This area has dozens of thrift stores and we found this desk at one of them. For only $45!!!! What a deal!!! It’s a little darker than I would have liked, but hey, the price was right! Our loveseat ended up coming in a week early and we drove to Lakeland to pick it up (because I refused to pay a $70 delivery fee). We manhandled it through the drivers door and got it set up…


Wow, what a difference.

Originally,  our plan was just the carpet in the main part of Waldo, but, on a whim, I went back to the carpet store to see how much it would be for a piece to do the bedroom. We had enough padding left over, so it would only be the price of the carpet. They had just enough left on the roll to do the bedroom and sold it to us as a remnant. $100 cash and carry – done deal!

There are corner tables next to the bed and I decided to modify them. They were total wastes of space because the inside was hollow, but closed off by paneling. I cut the front paneling and added a shelf…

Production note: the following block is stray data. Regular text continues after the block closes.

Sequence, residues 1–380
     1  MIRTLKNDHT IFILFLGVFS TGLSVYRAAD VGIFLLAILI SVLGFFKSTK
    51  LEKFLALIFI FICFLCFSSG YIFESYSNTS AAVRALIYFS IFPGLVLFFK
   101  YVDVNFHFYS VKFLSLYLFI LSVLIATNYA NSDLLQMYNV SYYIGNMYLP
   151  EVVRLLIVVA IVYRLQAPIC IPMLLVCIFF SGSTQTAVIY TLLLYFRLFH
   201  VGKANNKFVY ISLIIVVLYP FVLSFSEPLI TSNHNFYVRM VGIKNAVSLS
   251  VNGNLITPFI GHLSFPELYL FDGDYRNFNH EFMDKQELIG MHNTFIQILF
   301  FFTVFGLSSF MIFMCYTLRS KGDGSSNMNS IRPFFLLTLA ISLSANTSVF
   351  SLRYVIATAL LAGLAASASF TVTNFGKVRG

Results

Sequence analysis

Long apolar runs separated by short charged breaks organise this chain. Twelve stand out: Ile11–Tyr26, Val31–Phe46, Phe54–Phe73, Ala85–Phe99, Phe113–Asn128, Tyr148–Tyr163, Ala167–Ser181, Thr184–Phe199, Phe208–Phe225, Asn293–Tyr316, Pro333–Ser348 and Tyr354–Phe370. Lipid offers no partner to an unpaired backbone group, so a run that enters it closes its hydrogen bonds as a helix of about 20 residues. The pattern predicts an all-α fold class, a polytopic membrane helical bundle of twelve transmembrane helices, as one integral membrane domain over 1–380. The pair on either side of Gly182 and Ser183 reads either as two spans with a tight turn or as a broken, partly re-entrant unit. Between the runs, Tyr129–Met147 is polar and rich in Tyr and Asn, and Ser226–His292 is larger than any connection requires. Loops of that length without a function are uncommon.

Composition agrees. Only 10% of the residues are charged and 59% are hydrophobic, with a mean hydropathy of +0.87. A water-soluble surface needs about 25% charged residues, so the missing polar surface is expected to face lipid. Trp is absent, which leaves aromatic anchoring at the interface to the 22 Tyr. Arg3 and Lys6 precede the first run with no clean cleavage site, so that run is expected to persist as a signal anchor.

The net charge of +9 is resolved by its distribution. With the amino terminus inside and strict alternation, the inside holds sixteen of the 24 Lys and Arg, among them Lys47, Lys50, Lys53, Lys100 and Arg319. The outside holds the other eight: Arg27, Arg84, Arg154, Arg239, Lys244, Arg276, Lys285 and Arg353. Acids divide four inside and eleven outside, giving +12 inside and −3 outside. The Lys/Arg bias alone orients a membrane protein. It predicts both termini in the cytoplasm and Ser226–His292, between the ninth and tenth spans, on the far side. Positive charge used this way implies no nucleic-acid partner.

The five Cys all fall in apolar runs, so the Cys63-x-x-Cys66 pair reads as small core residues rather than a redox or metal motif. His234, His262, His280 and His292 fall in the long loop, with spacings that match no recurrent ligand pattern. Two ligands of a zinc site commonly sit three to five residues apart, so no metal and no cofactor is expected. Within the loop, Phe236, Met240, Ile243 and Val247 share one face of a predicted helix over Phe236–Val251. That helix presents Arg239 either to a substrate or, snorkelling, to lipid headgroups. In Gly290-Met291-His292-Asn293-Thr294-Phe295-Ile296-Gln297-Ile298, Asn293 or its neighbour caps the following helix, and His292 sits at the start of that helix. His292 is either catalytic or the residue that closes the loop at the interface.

Voila – more storage!

So, now Waldo is completely done and we love it.

Have you ever remodeled your house? What was your biggest challenge?


18 thoughts on “Waldo Gets Some New Threads”

  1. Waldo really looks fantastic! You guys did a great job and this post is helpful to any of us considering taking on this job ourselves. It’s certainly a little scary, but it would save a ton of cash. Nice job! Love the new sofa too!

    Liked by 1 person

  2. Wow what a difference! You did such a great job and it looks so professional. We have done several renovations. The biggest challenge for us is dealing with contractors who say it will take a certain amount of time but in reality it is much longer.

    Liked by 1 person

  3. Laura, this looks like a big job, but WOW, what a transformation. I’ve never thought about doing a reno on an RV, but this certainly qualifies. In all our house renovations, one of the hardest things is maintaining at least one living space that isn’t a total wreck so we have somewhere to relax at the end of the day. I imagine this is a real challenge in a small, RV space. Looks great. ~James

    Liked by 1 person